I have created this blog with the hopes that you, my friend, will follow me as I sail around the world (figuratively or literally, not sure yet) with my parents on their Contest 48. Whereas I hope to keep you updated with exciting adventures of exotic ports and epic waves, keep in mind that cruising - that is, traveling by boat in a leisurely fashion - tends to be filled with days of intense boredom, punctuated by moments of sheer terror. Please keep this in mind as you read these entries, for this platform will be just as much an attempt for me to maintain my sanity (and connection to the California-based world), as entertainment and reassurance for you. And so, follow me as I sail the world.

P.S. All material on this blog, words and photos alike, are copyrighted by me. Copyright 2010, 2011, 2012, 2013, 2014, 2015, 2016, 2017, 2018. If you decide that this material is worth re-publishing, please give me credit and lots and lots of money.

Friday, January 27, 2012

Hat Trick

This morning we left Viani Bay somewhat early, heading for Tavauni Island, just across the Somosomo strait. Our sole purpose for the visit to the island was to reprovision, as after one week out in the cuts we are dangerously low on vodka, beer and produce.

Unfortunately there are no good anchorages around the town of Somosomo, where the M & H market is, and it was too rough to launch the tender. Ron did not think replenishing our supplies was worth the potential damage to the tender, which was probably a good call. So we hauled up the anchor for the second time and aimed for Kioa Island, about ten miles away.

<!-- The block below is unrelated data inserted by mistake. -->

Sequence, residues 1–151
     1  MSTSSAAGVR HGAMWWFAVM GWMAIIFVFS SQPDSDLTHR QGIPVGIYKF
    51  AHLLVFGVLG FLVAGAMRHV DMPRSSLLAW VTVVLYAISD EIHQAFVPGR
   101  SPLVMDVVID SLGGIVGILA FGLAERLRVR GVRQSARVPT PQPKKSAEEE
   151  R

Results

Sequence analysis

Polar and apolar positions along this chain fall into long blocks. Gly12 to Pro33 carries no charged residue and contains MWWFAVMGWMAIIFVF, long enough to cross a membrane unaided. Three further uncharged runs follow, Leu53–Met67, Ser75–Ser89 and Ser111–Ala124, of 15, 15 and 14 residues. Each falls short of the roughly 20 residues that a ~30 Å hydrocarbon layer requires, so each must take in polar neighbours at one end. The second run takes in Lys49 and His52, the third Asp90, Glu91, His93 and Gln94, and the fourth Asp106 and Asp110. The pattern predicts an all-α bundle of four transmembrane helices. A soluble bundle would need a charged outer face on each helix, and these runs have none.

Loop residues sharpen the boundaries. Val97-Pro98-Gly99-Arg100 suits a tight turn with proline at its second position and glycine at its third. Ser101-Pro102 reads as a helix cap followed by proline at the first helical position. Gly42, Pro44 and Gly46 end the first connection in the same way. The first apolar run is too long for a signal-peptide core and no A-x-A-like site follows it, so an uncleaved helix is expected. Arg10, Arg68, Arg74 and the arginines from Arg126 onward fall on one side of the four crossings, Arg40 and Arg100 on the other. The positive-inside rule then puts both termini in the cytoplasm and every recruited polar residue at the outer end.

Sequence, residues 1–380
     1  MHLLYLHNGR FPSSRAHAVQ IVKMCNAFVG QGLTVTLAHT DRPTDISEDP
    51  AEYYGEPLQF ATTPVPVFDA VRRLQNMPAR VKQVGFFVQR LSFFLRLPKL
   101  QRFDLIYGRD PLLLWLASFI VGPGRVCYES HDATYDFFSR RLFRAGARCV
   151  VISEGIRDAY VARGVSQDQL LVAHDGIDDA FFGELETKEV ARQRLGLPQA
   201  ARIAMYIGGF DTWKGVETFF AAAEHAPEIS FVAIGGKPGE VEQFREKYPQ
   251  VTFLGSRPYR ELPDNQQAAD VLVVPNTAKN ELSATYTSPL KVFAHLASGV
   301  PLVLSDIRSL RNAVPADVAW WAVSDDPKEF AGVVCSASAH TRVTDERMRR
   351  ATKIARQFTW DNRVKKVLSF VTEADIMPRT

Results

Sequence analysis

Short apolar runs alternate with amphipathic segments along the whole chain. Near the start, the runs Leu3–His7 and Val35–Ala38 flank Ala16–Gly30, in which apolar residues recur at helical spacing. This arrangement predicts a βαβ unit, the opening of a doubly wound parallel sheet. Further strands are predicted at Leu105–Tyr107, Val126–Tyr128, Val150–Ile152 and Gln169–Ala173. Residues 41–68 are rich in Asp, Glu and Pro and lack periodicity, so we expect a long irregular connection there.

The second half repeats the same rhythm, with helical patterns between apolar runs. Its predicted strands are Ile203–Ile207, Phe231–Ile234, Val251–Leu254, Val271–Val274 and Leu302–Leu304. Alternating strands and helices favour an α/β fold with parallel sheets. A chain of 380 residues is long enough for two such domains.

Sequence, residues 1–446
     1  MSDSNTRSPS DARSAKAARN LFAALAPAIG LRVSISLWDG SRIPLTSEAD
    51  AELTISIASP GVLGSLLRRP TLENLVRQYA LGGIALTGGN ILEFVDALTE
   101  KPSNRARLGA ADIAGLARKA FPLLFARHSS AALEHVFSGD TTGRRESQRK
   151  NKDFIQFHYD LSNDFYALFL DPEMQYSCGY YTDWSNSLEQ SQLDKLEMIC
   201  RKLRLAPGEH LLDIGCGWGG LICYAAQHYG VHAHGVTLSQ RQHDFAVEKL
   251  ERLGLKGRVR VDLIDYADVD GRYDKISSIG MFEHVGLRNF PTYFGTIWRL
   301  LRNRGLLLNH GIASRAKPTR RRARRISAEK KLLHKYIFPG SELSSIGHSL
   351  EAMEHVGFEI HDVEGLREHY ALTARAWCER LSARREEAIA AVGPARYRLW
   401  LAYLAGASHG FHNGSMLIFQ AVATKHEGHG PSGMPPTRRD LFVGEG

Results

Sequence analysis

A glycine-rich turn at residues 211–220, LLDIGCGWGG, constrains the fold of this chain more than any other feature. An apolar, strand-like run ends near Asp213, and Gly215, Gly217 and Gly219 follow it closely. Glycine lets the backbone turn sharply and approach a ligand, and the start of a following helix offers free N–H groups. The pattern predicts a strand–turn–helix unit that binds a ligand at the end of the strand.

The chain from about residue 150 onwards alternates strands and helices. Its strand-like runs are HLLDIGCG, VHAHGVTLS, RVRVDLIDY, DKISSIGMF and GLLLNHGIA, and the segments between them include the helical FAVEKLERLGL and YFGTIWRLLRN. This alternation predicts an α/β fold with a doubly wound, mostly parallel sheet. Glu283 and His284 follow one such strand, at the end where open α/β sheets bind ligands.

Kioa Island is a very interesting place. It is not actually part of Fiji, although it is right in the middle of the Fijian islands. All of the inhabitants of Kioa are from the nation of Tuvalu in Micronesia. Just after World War II, when their atolls were ravaged by the war in the Pacific, the Tuvaluians purchased Kioa and moved there. Although they are Fijian citizens, they have their own government, language and customs. They also have retained their Polynesian features of straight black hair and lighter skin - and as there are only about 500 people on the island, there are hints of inbreeding as well.

We dropped anchor inside the reef and headed ashore, all of us including Trinny (the Beverly Hills poodle). Victoria and I went with a woman and presented a bundle of kava to the chief of the village. When I gave it to him he said, "You should present it the Fijian way!" I asked, "How is that?" And he said, "I don't know! We are not Fijian!" It was a bit confusing but funny in a way.

After we paid our respects to the chief we hung out in the village. Kioa is known for its unique handicrafts, and while I did not think they were too different from the woven baskets and placemats we have seen along the way, we bought a few baskets and little trinkets. Sean and BJ shared beers and cigarettes with the men while I played ball with the little kids. Whenever they wanted my attention they shouted "Palangi! Palangi!" It reminded me of being in Samoa - as did the fact that "Hello" is "Talofa" - the same in Samoan.

The village was small and poor, the kids skinny and the dogs mangy. Nobody seemed to be concerned with dental care, most of the adults were missing teeth and the kids had rotting milk teeth. But they were kind and open, and invited us to come drink "coconut kava" (i.e. coconut alcohol) with them this evening. We said we would try to, and headed back to the boat.

After a lunch of sandwiches and cocktails, Sean noticed that we were dragging anchor in an anchorage where there is not much room to drag, as it is surrounded by reef on 3 sides. So, for the third time today, we pulled up anchor. Ron wanted to head to Rabi Island so Sean set us on course, BJ poured another round, and we headed out to Rabi Island - our fourth island in the day - another ten miles away.

This evening we are anchored in a very calm and protected bay on Rabi Island, and a man just paddled by in a little canoe that looks like it is about to sink. It is hot outside but I am sitting under the airconditioning vent in my cabin, quite comfortably. All in all, a good day.

No comments:

Post a Comment